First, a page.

The D&D drought is over! Last night, after Barbara and I returned home from our business trip to the east coast, we got together with Lane and Zach (our friends in Florida) to continue our adventures in the Keep on the Shadowfell. This time, we did it with MapTool. It was, quite simply, a success.
I’ve already written about how much I love MapTool, and my players seemed to really enjoy it as well. They liked the attack macros (even Barbara, who loves rolling physical dice, even used the attack macros from time to time), they liked being able to keep track of their hit points within their MapTool character sheets, and they LOVED the way MapTool shows the path that their character is taking and the number of squares they’re moving as they drag their token along the map. One quick tip for playing D&D Fourth Edition in MapTool: Make sure all of the players go to Edit – Preferences and set the Movement Metric to “ONE-ONE-ONE.” If they don’t do this, MapTool will calculate diagonal movement incorrectly for them.
We played for about two and a half hours, yet only went through one encounter. This was partly because we spent the first 30 minutes catching up with one another from our recent trips and partly because we had to make sure everyone knew how to use MapTool. The encounter was the battle with the giant rats and the ochre jelly in the caves beneath the Keep. I wasn’t quite sure how many giant rats I wanted in the battle – the original adventure calls for 13 rats, but against a party of five characters rather than the three that we have. I decided I’d start with six rats and add as needed to keep things interesting. I think this was exactly the right approach, and I ended up with 11 rats in the end. The rats ended up not being all that interesting; they generally missed with their bite attacks, and they had a lot of trouble isolating one character away from the others. I realized that this battle didn’t have any enemies with either ranged attacks or area/burst/blast attacks. Every single monster only had the ability to attack a single character at melee each round. This made them not especially challenging, although the moment that the jelly split in two when it became bloodied was pretty cool.
The battle was an easy win for the party, and Kana (Lane’s druid) did catch a glimpse of a pillar of white light off to the south, which disappeared before too long. Hmm, what could that be? (This is one of the ideas that I want to discuss on the blog, but it looks like we’ll have to wait and see). When the battle was over, the party decided to take an extended rest, as they were getting low on surges. Not bad for having battled through all of the goblin areas of the Keep, plus the rat/jelly cave. Rather than heading back to Winterhaven or just staying in the rat cave, they decided to close themselves into the bedchamber of Balgron the Fat, with Zach’s Eladrin rogue trancing and keeping watch.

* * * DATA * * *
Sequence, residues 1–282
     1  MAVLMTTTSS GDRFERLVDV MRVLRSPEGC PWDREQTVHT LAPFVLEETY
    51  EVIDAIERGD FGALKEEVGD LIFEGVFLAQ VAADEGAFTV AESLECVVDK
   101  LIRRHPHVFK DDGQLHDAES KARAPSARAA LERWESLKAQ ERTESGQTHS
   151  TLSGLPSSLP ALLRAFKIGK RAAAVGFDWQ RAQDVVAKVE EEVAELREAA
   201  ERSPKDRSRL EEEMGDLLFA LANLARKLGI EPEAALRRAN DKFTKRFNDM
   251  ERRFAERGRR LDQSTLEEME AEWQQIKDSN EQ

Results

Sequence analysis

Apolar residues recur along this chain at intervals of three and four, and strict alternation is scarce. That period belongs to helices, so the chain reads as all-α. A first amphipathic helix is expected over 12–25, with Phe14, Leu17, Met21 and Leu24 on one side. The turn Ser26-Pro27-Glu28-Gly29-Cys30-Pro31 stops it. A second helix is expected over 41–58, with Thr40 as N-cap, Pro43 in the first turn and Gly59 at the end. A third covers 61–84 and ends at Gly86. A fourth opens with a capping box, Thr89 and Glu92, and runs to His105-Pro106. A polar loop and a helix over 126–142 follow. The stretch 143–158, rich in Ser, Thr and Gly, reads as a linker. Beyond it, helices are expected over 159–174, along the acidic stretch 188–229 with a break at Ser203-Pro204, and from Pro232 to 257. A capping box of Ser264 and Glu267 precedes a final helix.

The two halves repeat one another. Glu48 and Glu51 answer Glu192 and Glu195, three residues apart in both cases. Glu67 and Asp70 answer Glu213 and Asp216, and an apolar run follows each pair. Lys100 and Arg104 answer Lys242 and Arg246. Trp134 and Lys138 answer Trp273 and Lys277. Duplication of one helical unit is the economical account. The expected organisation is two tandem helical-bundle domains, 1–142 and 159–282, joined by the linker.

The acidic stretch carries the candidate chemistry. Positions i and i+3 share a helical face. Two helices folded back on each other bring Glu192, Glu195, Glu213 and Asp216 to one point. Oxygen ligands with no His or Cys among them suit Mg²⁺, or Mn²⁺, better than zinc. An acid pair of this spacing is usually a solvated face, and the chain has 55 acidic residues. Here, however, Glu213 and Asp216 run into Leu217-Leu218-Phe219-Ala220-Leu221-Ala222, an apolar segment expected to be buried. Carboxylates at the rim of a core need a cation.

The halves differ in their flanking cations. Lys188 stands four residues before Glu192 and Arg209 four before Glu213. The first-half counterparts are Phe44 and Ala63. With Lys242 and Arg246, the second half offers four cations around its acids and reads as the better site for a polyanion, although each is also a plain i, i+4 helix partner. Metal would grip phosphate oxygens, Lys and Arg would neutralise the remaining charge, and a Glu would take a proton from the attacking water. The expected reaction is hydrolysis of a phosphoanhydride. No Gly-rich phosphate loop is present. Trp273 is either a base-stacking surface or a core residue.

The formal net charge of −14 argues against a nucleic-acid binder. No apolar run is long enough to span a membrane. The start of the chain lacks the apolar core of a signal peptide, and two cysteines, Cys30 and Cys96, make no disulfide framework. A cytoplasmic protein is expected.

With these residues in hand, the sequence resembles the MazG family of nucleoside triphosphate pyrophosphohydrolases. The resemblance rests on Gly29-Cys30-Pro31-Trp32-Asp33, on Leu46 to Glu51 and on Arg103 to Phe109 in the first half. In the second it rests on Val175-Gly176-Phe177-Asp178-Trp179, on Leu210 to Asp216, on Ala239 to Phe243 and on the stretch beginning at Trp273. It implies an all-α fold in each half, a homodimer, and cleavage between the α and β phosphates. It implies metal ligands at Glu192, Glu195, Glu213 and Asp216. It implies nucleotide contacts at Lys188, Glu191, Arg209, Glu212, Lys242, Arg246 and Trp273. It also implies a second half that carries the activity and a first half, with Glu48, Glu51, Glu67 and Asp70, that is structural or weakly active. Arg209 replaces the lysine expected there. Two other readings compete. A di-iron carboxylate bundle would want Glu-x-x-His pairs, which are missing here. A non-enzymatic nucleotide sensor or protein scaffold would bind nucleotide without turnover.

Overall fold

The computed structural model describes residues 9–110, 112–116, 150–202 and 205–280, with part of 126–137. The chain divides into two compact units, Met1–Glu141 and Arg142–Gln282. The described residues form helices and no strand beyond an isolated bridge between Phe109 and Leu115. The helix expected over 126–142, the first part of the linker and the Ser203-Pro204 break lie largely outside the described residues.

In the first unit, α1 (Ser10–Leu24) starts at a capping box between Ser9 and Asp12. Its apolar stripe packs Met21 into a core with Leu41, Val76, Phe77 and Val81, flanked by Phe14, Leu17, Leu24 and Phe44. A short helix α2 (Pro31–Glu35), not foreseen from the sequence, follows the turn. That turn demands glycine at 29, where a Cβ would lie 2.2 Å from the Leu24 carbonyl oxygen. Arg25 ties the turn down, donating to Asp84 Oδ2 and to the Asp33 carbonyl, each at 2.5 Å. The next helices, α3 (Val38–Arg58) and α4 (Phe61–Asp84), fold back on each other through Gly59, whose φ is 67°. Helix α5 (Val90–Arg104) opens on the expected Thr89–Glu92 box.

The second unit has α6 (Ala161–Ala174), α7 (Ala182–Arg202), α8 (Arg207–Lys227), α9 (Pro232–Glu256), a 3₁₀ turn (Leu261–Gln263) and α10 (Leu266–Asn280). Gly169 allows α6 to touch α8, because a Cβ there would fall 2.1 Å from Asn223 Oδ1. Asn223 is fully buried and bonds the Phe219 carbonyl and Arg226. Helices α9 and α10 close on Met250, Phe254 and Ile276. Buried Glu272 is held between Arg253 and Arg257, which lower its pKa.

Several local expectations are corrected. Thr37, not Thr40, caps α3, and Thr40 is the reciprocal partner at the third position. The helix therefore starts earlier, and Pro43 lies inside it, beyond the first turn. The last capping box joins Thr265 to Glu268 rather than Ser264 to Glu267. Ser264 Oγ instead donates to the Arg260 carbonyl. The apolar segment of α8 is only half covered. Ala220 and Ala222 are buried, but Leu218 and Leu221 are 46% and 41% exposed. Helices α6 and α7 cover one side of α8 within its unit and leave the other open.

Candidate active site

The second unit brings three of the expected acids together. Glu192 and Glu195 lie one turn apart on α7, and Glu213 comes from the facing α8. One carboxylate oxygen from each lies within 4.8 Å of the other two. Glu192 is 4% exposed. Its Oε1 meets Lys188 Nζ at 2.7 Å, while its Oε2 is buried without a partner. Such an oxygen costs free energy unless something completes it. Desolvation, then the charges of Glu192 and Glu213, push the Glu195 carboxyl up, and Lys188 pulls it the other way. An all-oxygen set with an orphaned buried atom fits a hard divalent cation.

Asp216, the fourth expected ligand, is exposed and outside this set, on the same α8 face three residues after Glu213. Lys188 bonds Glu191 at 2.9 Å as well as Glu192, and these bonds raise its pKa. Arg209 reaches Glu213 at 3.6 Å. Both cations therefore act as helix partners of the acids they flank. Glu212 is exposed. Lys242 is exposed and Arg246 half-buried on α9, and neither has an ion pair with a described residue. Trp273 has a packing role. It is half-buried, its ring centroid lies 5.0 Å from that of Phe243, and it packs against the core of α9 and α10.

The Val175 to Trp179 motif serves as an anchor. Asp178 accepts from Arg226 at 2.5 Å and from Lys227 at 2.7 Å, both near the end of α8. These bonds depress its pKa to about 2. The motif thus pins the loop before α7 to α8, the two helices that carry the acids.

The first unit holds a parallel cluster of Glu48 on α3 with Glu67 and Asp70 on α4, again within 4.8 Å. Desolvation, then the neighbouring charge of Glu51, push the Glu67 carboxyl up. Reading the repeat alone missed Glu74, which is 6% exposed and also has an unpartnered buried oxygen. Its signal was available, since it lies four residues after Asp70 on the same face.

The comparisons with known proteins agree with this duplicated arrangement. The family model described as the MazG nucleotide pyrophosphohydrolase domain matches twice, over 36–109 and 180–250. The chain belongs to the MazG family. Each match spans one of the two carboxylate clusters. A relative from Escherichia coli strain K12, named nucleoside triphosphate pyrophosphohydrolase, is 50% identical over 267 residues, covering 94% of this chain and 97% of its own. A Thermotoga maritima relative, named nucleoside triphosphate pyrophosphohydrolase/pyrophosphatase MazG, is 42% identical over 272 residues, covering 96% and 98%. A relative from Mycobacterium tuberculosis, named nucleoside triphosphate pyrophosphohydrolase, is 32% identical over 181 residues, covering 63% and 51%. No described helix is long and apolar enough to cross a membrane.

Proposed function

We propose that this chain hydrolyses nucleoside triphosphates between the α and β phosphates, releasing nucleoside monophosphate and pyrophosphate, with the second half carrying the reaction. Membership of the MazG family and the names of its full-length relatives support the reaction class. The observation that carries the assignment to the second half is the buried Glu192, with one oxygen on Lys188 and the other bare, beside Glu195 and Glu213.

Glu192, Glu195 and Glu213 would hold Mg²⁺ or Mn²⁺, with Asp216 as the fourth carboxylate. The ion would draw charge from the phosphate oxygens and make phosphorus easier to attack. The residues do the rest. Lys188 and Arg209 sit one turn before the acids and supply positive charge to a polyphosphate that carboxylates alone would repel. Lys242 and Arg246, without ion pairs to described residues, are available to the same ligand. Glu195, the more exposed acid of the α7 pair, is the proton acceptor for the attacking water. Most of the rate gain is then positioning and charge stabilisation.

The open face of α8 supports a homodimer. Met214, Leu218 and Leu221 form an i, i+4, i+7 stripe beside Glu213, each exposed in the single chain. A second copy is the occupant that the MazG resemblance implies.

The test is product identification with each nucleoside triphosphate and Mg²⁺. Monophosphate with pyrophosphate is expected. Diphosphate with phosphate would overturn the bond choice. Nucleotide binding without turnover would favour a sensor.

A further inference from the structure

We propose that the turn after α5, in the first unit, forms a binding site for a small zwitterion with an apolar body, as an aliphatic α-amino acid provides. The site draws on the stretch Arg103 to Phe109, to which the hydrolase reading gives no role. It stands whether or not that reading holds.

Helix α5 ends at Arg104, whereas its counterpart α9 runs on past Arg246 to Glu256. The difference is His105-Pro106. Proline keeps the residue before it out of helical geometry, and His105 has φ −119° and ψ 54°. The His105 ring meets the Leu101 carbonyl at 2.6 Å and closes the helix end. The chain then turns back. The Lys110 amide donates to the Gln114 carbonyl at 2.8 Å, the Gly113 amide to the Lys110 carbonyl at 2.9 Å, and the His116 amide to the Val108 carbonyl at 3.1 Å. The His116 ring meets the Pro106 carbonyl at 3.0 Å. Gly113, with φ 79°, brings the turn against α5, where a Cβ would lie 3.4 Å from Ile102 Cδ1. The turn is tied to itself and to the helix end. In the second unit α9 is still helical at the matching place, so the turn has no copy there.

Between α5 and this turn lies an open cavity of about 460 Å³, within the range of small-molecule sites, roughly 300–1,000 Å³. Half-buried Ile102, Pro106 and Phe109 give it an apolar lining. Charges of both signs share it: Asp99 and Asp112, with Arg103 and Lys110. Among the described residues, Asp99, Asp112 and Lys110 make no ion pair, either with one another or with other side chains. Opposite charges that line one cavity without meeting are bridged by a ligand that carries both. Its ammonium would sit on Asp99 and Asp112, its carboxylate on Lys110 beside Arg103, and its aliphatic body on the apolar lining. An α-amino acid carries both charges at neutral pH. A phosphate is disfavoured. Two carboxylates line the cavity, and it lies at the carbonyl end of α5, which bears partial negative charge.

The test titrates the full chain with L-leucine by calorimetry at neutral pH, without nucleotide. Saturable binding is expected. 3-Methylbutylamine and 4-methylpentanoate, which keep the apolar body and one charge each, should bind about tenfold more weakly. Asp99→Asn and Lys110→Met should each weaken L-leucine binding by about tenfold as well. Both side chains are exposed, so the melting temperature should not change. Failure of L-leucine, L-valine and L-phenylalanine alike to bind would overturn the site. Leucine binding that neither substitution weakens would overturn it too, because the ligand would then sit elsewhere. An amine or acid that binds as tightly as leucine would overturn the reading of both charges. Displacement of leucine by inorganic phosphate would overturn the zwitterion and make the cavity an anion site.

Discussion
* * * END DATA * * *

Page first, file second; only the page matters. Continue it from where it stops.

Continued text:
Since this decision has already been made, I can talk a little bit about the consequences that the party will face when they resume play on Monday evening. See, they’ve left the goblin area of the Keep strewn with dead goblins everywhere. Now, no other monsters have traipsed through this area while the party was exploring, but that doesn’t mean that no one will be passing through any time in the next six to eight hours. It’s quite possible that other inhabitants of the Keep may pass through the area, discover all of the dead goblins, deduce that there must be enemies about and get reinforcements. I haven’t challenged the PCs yet. But this time, with the bad guys knowing what’s coming, it might be different!
Now, while the use of MapTool for the session was great, and I don’t plan to switch to anything else, I did learn a few lessons that I plan to implement before our next session.
- I need a button for each character to be able to roll their own initiative. While my macro that rolls initiative for everybody is cool and all, the players like to roll it themselves.
- I need buttons for each character’s skill checks. I think I’m going to implement this by adding skills to the character’s properties, but I’ll just have the number next to the skill be the number that gets added for training or any special skill bonuses (racial, item, etc.). I’ll have the macro look up the appropriate ability modifier and half-level modifier from the character sheet so that I don’t have to touch the macros as characters level up.
- I should allow the characters permission to edit the macros on their own character token. I’ll trust them not to mess with the macros, but I want them to be able to look inside and see what’s going on if they’re interested (Zach is – he’s a programmer).
- I need to figure out how I want to handle the bad guys’ tokens. Right now, they use the same properties as the players’ tokens. That’s not ideal, since it means that if I actually put numbers in for armor class, hit points, etc., the players would be able to see them. I think I’ll create a separate set of properties for NPCs and make them invisible to players.
- Similarly, I’d like to figure out how to hide the NPC macros from the players. Strict Token Ownership might accomplish this, but I’m not sure yet.
All in all, it was a fun way to play D&D, and the players are psyched about playing again Monday evening. Meanwhile, I played a Free RPG Day session this morning at my Friendly Local Game Store, and I’m playing the first session of the new campaign with my regular in-person group tomorrow. The D&D drought is officially done!